The three-day festival will bring artists, such as Grammy Award winning singer-songwriter Father John Misty, Noname, Waxahatchee, the Oh Sees and others.
There will also be a variety of academic talks, a stage reading of "God Bless You, Mr. Rosewater" and hands-on creative activities around the city.
The festival's Vonnegut focus came from the minds of the Arts and Humanities Council’s director Ed Comentale and communications specialist Joe Hiland, who are both huge Vonnegut fans, Hiland said.
"I’ve always been a really big fan of Kurt Vonnegut as a Hoosier hero, and as a Hoosier hero who celebrated the arts as an everyday practice," Comentale said.
The American 20th century writer is known for his satirical and ironic writing in books such as "Slaughterhouse-Five" and "Cat’s Cradle."
Vonnegut has deep ties to Indiana. He grew up in Indianapolis and was awarded an honorary degree from IU in 1973. IU's Lilly Library houses his collection of nearly 6,000 manuscripts, which will be on display during the conference.
The Council wanted to start a large-scale summer event like the First Thursdays and Global Arts and Humanities festivals, which take place during the academic year. Conversations started a year and a half ago, Comentale said, and ideas from the community and campus came together to become Granfalloon.
The two declared Vonnegut the presiding spirit and godfather of the arts and humanities summer conference-festival hybrid.
"Vonnegut is such a wild, inventive and really, I guess I would say, a promiscuous thinker," Comentale said. "He writes about science, he writes about religion, he writes about language and literature, so you really need all those liberal arts disciplines working together to gain something of like the full significance of his work."
Vonnegut also appeals to a range of ages. In creating the conference, Comentale said the council wanted to speak to the interests and values of 20 year olds.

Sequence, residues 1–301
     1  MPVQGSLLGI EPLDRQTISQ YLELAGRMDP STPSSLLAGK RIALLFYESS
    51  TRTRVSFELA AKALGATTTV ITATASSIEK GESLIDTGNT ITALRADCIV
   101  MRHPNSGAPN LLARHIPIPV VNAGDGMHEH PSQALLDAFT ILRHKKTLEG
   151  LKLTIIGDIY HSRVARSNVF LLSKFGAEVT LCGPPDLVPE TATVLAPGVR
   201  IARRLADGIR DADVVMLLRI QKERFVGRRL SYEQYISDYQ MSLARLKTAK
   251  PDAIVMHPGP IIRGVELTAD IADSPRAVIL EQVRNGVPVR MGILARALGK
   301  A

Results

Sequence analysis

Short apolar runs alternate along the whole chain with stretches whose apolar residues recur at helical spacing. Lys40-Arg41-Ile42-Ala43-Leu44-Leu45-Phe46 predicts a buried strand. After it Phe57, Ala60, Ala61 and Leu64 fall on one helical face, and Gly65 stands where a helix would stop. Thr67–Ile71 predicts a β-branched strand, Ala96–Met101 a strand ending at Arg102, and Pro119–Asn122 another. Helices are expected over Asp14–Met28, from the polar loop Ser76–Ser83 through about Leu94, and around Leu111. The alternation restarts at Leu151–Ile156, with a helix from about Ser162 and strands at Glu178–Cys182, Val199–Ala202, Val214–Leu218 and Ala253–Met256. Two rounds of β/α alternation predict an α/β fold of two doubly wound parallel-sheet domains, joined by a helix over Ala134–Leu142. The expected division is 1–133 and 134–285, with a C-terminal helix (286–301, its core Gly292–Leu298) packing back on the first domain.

"He tends to transcend generations," Hiland said. "There are a lot of people who are 18-24 years-old and are just getting into Vonnegut, and there are a lot of people who are in their 60s and 70s who have been into Vonnegut for decades. He hits a cool cross-section of our community and our audience."
Vonnegut’s iconic look of tennis shoes, bathrobe and mustache paired with his cynical and ironic writing classified him as the original post-modern hipster, Comentale said.
The music lineup is a showcase of artists and musicians interested in Vonnegut and who represent a Midwestern spirit, Comentale said.
"This isn’t an accident," Hiland said. "This is because we have so much to offer. It’s awesome that we have Father John Misty, and I’m really excited, but if we didn’t have everything else to go along with this festival, we wouldn’t have the occasion to invite him."
One of the Council’s goals is to promote Bloomington and Indiana as a destination for the arts, Hiland said. People on the coasts lump together states like Indiana, Illinois and Iowa, and the Council wants to promote different stories about what Indiana is, he said.
"We think that we have programming and academic expertise that rival anywhere in the Midwest, and honestly, rivals any other public university in the country," Hiland said of IU. "It’s easy for us to say that, but we have to prove it, and Granfalloon is one of those steps in proving we are a mecca for the arts."
The academic talks Friday and Saturday are free and open to the public. A weekend pass for every musical act and the stage reading are $90. There is also a $60 Clubfest Pass, which gives access to all of the musical acts except for Father John Misty. There are also individual tickets for each show.
Find more information and purchase tickets on the Buskirk-Chumley Theater box office website.
The two hope the festival will become an annual music-literary festival.
"That would be the goal, to grow this in a way that speaks to both the cool, musical interest of the town, as well as its cool, literary sensibility," Comentale said.
He imagines future focuses could be Hoosiers like David Letterman, The Jackson 5 or John Mellencamp.
"It’s really focused on his work this year," Hiland said of Vonnegut. "But we think he is the kind of person who would be very happy to have the work of other people brought into it in later years."
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